Section 28(e) of the General Conditions obliged each contractor to procure and maintain builder's risk insurance "during the life of [the] contract on the insurable portion of the project." Before construction began, each builder notified the Board that it had secured all necessary insurance. Section 29 of the General Conditions required each contractor to obtain a performance bond in an amount equal to its contract price as security for complete performance. Each obtained such a bond, executed on a standard EDA form, from one of the surety defendants.*fn2 Section 13 of the General Conditions and 1.39 of the Special Conditions obligated the contractors to repair any and all damage to the building occurring prior to its acceptance, unless such damage was due to fault of the Board. Section 1.37 of the

Special Conditions stated that acceptance occurred only when all work, including all minor punch-list items, was complete.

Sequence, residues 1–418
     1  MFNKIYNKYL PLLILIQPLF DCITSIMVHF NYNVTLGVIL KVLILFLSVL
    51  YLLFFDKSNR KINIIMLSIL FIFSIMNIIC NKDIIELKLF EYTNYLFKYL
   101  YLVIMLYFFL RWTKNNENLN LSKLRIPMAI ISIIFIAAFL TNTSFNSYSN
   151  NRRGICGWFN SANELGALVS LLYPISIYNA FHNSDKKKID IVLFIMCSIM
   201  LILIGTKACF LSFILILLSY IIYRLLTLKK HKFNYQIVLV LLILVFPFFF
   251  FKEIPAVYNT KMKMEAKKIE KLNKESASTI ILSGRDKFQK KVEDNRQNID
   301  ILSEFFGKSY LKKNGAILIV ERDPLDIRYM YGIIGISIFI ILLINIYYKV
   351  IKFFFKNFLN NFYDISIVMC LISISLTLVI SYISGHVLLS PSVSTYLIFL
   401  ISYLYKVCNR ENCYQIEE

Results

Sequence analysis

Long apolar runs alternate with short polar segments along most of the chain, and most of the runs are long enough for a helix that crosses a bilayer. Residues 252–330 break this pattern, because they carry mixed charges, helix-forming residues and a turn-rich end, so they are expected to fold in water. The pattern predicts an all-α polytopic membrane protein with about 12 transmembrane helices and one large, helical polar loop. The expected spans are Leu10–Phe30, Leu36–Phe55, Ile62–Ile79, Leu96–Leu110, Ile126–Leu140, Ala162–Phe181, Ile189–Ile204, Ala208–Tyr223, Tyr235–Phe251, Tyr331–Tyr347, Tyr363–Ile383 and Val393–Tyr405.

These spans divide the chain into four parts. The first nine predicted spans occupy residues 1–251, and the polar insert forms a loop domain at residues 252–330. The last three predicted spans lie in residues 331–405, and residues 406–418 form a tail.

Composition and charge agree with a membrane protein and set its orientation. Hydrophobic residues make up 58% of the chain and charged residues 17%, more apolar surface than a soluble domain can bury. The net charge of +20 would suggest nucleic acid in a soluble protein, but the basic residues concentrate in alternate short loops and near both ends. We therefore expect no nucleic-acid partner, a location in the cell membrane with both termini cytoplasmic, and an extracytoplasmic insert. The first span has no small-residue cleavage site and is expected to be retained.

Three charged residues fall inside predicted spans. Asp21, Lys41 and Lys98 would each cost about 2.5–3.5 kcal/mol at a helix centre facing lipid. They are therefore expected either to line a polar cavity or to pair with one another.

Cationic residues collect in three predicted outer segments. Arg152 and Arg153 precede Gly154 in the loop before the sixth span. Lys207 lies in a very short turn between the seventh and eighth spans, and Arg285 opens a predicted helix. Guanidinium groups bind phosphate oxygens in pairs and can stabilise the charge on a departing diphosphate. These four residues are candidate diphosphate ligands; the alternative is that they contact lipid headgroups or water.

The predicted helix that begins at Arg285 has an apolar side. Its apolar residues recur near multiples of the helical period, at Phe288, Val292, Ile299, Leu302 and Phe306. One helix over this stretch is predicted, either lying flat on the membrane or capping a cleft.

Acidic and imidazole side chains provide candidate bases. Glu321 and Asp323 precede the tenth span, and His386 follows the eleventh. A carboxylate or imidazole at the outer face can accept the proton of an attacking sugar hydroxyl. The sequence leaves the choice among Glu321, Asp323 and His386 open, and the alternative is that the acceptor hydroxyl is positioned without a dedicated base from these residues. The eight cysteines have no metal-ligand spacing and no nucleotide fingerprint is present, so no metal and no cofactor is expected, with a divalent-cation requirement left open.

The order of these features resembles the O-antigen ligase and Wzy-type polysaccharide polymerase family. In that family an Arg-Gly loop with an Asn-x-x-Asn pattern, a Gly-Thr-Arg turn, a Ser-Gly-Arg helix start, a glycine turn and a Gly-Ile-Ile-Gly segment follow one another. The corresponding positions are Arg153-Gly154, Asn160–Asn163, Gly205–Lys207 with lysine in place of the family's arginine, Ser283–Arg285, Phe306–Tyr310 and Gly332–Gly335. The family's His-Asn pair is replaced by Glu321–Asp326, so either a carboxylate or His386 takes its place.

In April 1972, each contractor received a written "Notice to Proceed," which stated that the scheduled completion date was October 2, 1973. Construction was still not complete on April 1, 1974. At that time the Board determined that it needed to assign employees to the Careers Center to prepare for the 1974-1975 school year. On May 17, 1974, the architect wrote the Board that its staff could use the executive office area but that "no educational process may be carried on until the building is 100% complete and inspected and approved by the Division of School Building Services of the State Department of Education." In June 1974 certain personnel were assigned to the building. By August 8, the day before the fire, 16 persons, including 6 teachers, had been assigned to the building, and Board employees occupied the entire first floor and the library on the second floor. Portions of the third floor were being used to store furniture. Employees were interviewing prospective students at the site but no classes had been held there.

Construction continued while the Board was using the building. By August 8 the building was between 90% and 95% complete. On that date, the Board ordered casualty insurance from Hartford for the project's completed portion Hartford supplied such coverage and a binder was issued evidencing coverage in the amount of $6,500,000 commencing that same day.